What's in a name?
When Nintendo of America hired its new Vice President of Sales in mid-2015, the company knew its press release had to acknowledge the—well, let’s just call it coincidence for now.
Stepping into the role was a man who had just spent the previous eight years at Electronic Arts, so it would seem he’d be a natural fit at Nintendo. It was also fitting because his name was Bowser.
Bowser! Mario’s princess-kidnapping nemesis. Leader of the Koopa. Fucking Bowser. How perfect could that be?
So there it was, as it had to be, the subhead Nintendo affixed to the press release: “Doug Bowser Brings Decades of Experience, Not Fire Breath, to New Role.”
For many years I’ve been obsessed with this kismetic phenomenon—this flirtation with providence—of someone either fulfilling their destiny or stumbling by chance into the sort of coincidence that makes you a believer in higher powers. Is causation or correlation ultimately at work here?
This is called an aptonym, or an aptronym with the ‘r’ in there if you really want to consult the OED about it. (My preference is the less verbose “aptonym,” so let’s stick with that.) Surely there’s a listicle or two out there full of People Who Were Born For Their Jobs, like Les McBurney, a firefighter who ended up on Jimmy Kimmel Live! because of his name, or Usain Bolt, who you may know is quite fast, or Paddy Driver, the legendary South African racer, or Emily Wines, master sommelier.
But stretch the definition of the word, and often the best aptonyms extend beyond occupation—to misdeed, to accomplishment, to task fulfilled, to true crime. This is the good shit.
There’s a Final Destination quality to a distinct name. Say, if your surname is Popadick, how likely is it, statistically and metaphysically, that you can make it your whole life without an indecent exposure allegation? One Canadian man made it 63 years before being picked up by police for jogging naked. Six decades on and he couldn’t outrun his fate, clothed or otherwise.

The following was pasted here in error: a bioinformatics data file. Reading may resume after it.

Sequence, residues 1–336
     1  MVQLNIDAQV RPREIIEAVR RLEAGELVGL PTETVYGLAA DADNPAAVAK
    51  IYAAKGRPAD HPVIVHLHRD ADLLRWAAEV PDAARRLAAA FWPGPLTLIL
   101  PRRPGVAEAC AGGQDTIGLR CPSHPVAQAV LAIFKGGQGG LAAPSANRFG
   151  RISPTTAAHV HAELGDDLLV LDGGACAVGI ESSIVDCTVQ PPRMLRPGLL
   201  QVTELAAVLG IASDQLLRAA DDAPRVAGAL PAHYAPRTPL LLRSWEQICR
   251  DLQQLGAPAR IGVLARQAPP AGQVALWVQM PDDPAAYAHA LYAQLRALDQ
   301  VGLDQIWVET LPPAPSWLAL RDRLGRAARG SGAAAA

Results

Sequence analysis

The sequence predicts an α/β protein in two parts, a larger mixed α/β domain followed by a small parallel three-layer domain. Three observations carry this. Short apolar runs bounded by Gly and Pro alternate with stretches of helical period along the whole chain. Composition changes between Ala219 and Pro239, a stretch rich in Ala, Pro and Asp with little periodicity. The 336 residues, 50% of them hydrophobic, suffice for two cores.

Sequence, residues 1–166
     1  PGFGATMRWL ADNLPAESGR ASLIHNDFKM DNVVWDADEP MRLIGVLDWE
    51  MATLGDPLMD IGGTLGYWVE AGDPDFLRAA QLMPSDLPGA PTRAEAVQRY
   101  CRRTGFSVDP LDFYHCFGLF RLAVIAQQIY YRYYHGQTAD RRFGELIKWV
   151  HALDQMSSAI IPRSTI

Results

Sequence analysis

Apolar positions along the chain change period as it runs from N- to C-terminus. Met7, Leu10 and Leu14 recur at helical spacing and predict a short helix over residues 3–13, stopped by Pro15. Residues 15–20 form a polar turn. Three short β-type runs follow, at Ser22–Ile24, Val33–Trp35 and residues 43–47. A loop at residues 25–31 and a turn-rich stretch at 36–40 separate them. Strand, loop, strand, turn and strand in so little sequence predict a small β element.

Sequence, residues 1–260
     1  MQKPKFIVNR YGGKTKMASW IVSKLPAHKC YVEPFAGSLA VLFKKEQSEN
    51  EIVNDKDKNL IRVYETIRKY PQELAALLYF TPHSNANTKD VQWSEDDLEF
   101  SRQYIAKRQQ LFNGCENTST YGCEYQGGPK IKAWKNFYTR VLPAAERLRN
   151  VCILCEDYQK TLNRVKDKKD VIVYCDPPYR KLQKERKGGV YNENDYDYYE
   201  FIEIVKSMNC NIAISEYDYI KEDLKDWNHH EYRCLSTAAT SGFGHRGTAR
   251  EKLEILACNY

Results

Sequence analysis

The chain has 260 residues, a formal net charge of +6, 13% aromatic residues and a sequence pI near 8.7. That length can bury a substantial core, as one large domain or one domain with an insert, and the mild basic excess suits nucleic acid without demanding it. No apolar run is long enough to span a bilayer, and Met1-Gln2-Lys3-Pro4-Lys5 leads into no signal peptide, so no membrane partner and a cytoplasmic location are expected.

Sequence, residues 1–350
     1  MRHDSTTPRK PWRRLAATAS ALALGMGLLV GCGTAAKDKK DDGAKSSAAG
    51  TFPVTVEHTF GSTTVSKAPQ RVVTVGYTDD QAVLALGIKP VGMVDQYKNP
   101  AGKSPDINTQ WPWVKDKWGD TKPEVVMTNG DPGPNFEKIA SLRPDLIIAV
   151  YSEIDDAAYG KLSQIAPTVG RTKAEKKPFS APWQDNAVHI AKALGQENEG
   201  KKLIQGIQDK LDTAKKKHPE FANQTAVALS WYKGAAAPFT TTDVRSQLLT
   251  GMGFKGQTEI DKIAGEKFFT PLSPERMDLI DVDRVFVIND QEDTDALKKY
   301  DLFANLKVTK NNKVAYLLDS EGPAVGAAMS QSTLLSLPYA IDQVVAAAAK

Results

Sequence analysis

Take Christopher “Dudus” Coke, who rose to the role atop the family business when his father died in 1992. It’s hard to escape a father’s pressure; it may have been harder still to escape becoming a drug lord when your last name is Coke.
I’ve spent much of my adult life as a newshound searching for aptonyms, collecting and tweeting headlines that may finally provide some clarity as to whether this is truly a cosmic wink. There are famous villains, like Bernie Madoff, who did exactly that with billions of dollars, until he didn’t. There are legal precedents, like the 1990 case about the expectation of privacy for a man named Limberhandmasturbating in a public toilet stall. Heck, there’s even a racehorse called Party Till Dawn that tested positive for meth after coming in second.
Perhaps my favorite form is what I like to call the Assigned Aptonym, because it really messes with the notion of what were designed to do. This is when a member of the media tackles a subject they were seemingly born to cover. When the Wall Street Journal published “Google Sued by Job Candidate for Age Discrimination,” the editors wisely tapped Jeff Elder. Reuters may or may not have a sperm beat: “French men not producing as much sperm” and “Few lifestyle factors influence sperm shape and size: study” were both written by Andrew M. Seaman. When Vanity Fair offered up “Donald Trump’s Short Fingers: A Historical Analysis,” who better to go mano a mano than Bruce Handy? And, of course, there are the marijuana pieces authored by Mary Jane Weedman, Julie Weed and Andy Cush.
Then there are judges’ decisions and total stretches. Does it count when U2’s The Edge gets a little too close and falls off the stage, as he did around the time of Bowser’s hiring? Was it an aptonym when BBC presenter Greg Foot filmed himself eating his own leg? Is Alan Cumming, whose personality and sex-positivity screams perpetual orgasm, the ultimate aptonym?
I’ll leave you with one last story for your case files—that of a scorned lover. In March 2014, a woman tried to set fire to her ex-boyfriend’s home. The inebriated, jilted woman put a pound of bacon on a baking sheet and turned the stove up to high. A police officer intervened before a grease fire burned the place down, and the woman was eventually charged and handed a suspended sentence and 18 months probation.
The bacon arsonist’s last name? Crispi. Ya burnt.
Slade Sohmer wishes he were a cool aptonym. Maybe when he is brutally murdered? Follow him @slade.